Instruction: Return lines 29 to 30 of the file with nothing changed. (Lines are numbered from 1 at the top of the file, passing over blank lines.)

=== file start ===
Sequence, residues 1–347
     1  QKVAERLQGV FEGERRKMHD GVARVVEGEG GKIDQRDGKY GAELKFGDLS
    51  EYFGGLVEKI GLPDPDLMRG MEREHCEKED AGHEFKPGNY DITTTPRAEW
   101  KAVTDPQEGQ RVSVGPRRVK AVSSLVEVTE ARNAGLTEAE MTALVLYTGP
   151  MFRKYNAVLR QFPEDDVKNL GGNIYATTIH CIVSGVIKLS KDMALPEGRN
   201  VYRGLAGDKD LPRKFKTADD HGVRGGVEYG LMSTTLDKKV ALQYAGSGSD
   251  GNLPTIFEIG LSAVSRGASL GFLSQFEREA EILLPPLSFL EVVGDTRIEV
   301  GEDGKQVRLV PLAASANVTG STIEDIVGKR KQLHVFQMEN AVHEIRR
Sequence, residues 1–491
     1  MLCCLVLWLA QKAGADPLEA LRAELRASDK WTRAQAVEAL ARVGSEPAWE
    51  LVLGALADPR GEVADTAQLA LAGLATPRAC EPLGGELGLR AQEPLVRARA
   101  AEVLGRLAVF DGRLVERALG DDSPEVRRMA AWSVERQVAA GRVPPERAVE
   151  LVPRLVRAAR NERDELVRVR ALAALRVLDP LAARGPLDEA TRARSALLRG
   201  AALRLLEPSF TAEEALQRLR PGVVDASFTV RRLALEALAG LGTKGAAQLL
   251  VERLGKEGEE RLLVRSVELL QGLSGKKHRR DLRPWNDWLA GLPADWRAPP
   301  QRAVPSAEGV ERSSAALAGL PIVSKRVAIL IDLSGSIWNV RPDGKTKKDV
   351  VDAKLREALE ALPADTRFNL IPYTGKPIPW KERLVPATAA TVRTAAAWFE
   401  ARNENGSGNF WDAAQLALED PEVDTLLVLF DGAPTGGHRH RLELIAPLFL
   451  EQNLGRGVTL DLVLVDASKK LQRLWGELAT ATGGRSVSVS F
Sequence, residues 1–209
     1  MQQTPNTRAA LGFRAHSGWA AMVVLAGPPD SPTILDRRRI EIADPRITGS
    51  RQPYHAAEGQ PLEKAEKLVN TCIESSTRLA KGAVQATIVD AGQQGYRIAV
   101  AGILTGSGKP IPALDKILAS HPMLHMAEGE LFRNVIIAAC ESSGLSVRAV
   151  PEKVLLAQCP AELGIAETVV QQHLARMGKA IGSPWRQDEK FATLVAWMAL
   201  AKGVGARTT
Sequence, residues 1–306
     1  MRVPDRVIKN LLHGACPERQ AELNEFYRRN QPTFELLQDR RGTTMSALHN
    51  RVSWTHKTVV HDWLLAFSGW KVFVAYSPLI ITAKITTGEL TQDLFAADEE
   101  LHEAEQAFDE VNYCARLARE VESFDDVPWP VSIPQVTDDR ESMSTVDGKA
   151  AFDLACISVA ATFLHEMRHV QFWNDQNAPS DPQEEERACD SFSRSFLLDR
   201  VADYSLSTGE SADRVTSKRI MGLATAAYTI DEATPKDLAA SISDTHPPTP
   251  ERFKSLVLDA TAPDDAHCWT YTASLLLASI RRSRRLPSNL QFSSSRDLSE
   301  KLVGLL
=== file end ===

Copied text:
   101  LHEAEQAFDE VNYCARLARE VESFDDVPWP VSIPQVTDDR ESMSTVDGKA
   151  AFDLACISVA ATFLHEMRHV QFWNDQNAPS DPQEEERACD SFSRSFLLDR